Psychotherapy vs. Counseling: What’s the Difference?
The terms Counseling and Psychotherapy are often used interchangeably. Do they mean the same thing? Do they accomplish the same purposes? What are the differences between counseling and psychotherapy?
Most important—Which is best for your needs?
Though there is some overlap between counseling and psychotherapy, there are some very important distinctions which will be helpful to understand when you’re considering a mental health or addiction treatment program or professionals.
What is Counseling?
Counseling is a conversation or series of conversations between a counselor and client. Counseling focuses on specific issues and is designed to help the client address a particular problem, such as addiction or stress management. The focus may be on problem solving or on learning specific techniques for coping with or avoiding problem areas.
In counseling, problems are most often discussed in the present-tense, without too much attention paid to past experiences. Counseling is also often used in shorter-term than therapy.
Counselors typically don’t give as much advice as they guide clients to discovering their own answers and then assist clients in taking steps they choose to take.
What is Psychotherapy?
Psychotherapy is also based on a healing relationship between a health care professional and client. Psychotherapy, also known as therapy and talk-therapy, also takes place over a series of meetings and conversations. Psychotherapy typically takes a longer approach than counseling—some people continue in therapy for months and even years.
Whereas counseling focuses on specific issues and the present tense, psychotherapy considers overall patterns, chronic issues, and recurrent feelings. The underlying principle is that a person’s patterns of thinking and subconscious awareness affect the way they interact with the world. The goal is to uncover those patterns and become aware of their effect and then learn new, healthier ways to think and interact.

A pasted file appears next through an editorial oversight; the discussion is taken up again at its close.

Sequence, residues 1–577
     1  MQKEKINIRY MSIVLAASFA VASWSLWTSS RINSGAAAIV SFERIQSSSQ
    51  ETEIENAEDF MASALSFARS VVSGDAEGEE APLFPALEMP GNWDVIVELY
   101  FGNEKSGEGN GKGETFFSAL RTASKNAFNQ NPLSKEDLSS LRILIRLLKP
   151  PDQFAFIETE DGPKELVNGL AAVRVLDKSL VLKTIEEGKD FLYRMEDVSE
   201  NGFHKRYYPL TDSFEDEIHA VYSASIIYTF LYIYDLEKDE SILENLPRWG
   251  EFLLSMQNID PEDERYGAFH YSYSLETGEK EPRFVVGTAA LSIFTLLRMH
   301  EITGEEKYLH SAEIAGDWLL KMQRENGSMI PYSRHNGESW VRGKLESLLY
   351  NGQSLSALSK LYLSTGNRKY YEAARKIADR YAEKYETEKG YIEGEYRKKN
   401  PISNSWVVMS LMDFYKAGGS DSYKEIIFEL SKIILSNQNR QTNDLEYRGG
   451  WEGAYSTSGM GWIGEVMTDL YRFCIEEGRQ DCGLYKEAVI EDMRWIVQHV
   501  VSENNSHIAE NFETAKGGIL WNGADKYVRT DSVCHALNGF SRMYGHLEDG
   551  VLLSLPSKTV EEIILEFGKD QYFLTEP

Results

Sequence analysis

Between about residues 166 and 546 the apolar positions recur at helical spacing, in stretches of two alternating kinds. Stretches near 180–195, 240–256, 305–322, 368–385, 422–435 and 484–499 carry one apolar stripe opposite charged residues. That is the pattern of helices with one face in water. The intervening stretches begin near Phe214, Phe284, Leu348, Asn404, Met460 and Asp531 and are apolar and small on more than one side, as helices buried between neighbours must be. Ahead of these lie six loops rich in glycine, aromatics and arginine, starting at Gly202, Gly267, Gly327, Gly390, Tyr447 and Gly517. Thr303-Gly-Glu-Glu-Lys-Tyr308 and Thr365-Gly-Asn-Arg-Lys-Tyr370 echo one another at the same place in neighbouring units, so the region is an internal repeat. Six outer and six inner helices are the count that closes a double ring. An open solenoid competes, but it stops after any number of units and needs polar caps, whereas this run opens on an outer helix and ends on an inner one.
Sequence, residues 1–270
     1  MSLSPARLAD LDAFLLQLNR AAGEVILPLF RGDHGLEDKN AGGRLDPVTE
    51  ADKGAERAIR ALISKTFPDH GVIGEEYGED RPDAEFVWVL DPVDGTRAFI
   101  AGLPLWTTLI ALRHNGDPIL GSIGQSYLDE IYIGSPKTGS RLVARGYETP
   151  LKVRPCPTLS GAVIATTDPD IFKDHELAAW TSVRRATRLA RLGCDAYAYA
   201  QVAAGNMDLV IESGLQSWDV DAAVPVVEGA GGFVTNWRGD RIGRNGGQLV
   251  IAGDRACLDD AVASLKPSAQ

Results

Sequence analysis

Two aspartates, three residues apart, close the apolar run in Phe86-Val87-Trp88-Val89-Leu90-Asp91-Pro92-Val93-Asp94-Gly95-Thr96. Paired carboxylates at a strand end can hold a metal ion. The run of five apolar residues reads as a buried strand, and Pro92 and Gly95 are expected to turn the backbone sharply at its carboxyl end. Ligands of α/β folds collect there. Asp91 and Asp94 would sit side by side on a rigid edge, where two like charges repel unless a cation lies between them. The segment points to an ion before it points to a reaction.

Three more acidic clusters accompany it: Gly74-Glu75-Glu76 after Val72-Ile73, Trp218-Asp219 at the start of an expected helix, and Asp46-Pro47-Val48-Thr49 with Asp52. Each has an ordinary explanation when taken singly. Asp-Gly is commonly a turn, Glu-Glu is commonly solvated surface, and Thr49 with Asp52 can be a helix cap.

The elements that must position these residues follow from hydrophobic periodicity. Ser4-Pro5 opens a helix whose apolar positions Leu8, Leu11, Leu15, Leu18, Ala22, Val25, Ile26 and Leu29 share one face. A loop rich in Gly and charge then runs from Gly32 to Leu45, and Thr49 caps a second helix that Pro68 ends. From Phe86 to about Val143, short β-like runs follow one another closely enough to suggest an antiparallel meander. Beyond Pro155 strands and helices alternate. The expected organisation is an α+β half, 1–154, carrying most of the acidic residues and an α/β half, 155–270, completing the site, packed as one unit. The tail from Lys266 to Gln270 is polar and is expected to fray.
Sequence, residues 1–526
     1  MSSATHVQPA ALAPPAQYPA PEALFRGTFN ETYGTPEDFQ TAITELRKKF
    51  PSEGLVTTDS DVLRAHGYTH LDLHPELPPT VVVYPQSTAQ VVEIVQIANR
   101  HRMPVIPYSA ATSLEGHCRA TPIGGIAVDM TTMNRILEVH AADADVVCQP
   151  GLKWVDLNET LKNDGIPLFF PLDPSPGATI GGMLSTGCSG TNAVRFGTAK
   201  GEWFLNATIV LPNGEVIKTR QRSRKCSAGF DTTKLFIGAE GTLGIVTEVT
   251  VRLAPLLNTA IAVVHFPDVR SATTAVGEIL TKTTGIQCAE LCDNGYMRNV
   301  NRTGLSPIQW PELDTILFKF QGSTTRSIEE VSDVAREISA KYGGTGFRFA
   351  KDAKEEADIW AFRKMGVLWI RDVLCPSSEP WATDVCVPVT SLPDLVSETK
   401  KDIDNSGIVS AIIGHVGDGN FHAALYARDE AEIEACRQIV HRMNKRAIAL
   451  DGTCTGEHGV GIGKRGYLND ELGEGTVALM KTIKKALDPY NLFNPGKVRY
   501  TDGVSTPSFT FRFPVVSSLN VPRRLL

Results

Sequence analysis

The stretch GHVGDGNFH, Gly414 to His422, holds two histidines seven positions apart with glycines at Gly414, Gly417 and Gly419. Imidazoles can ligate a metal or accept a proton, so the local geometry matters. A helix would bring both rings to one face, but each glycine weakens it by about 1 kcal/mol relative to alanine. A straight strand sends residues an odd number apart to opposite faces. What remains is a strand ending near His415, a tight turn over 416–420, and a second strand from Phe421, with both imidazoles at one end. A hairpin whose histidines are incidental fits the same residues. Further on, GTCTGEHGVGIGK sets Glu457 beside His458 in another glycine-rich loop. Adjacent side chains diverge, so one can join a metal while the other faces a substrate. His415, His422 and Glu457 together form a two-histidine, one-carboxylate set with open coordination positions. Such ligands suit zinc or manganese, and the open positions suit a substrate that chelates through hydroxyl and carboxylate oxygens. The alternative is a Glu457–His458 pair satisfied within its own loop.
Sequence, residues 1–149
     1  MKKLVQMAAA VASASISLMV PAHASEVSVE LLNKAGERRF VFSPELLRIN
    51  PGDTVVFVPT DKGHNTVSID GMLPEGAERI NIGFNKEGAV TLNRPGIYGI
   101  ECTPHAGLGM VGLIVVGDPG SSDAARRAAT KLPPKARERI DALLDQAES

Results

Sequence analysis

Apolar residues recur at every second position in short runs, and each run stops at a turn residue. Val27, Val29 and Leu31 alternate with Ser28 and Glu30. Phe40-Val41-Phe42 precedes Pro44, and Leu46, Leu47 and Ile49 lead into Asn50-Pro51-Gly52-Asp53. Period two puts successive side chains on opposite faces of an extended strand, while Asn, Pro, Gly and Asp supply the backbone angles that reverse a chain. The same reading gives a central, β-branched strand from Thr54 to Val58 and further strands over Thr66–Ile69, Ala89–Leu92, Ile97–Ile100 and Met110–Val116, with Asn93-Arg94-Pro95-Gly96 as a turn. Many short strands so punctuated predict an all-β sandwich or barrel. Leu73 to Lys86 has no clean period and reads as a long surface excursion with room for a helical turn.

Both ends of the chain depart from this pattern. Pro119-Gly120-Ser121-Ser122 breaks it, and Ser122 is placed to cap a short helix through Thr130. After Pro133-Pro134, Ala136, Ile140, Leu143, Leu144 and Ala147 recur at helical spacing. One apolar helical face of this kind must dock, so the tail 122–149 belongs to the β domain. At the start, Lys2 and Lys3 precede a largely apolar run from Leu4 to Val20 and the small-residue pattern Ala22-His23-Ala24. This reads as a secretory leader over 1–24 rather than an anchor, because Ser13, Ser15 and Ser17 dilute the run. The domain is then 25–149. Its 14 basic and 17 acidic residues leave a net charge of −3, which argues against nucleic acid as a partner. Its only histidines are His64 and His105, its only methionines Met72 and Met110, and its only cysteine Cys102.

This includes exploring the past and its impact on the present. The aim of psychotherapy is to identify and resolve underlying issues to the present situation. Psychotherapists help resolve matters in the past as part of laying the foundation for a more satisfying future.
Types of Psychotherapy
Therapists use several types of talk therapy. The choice of therapy type depends on a client’s particular needs and circumstances. Therapists may combine elements from different approaches to best meet the needs of the person receiving treatment. A few forms of psychotherapy are more well-known and more often applied than others. They include:
Cognitive behavioral therapy (CBT) –useful in helping people identify and change harmful or ineffective thinking and behavior patterns, replacing them with more accurate thoughts and functional behaviors. It can help a person focus on current problems and how to solve them. It often involves practicing new skills in the real world.
Interpersonal therapy (IPT) is a short-term form of treatment. It helps patients understand underlying interpersonal issues that are troublesome, like unresolved grief, changes in social or work roles, conflicts with significant others, and problems relating to others. It can help people learn healthy ways to express emotions and ways to improve communication and how they relate to others. It is most often used to treat depression.
Dialectical behavior therapy (DBT) is a specific type of CBT that helps regulate emotions. It is often used to treat people with chronic suicidal thoughts and people with borderline personality disorder, eating disorders and PTSD. It teaches new skills to help people take personal responsibility to change unhealthy or disruptive behavior. It involves both individual and group therapy.
Additional therapies are sometimes used in combination with psychotherapy. They may include:
- Animal-assisted therapy –working with dogs, horses or other animals to bring comfort, help with communication and help cope with trauma
- Creative arts therapy –use of art, dance, drama, music and poetry therapies
- Supportive therapies –helpful in guiding and encouraging clients in forming their own resources and coping skills
- Play therapy –to help children identify and talk about their emotions and feelings
Counseling or Psychotherapy?
Start by asking yourself a few questions—
- Do you have a single concern or specific issue that you would like to address? Consider counseling.
- Are you generally satisfied with your life and relationships, and just looking for a sounding board? A tune-up in one area or another? Consider counseling.
- Have you noticed a pattern of problems or concerns that seems to keep surfacing in your life? Consider psychotherapy.
- Is it time to address previous trauma or family patterns that are keeping you from health, wholeness and happiness? Robbing you of joy? Consider psychotherapy.
Then talk to someone—
We’d love to offer you guidance as you thinking through options and possibilities. Call us at (888) 837-6577.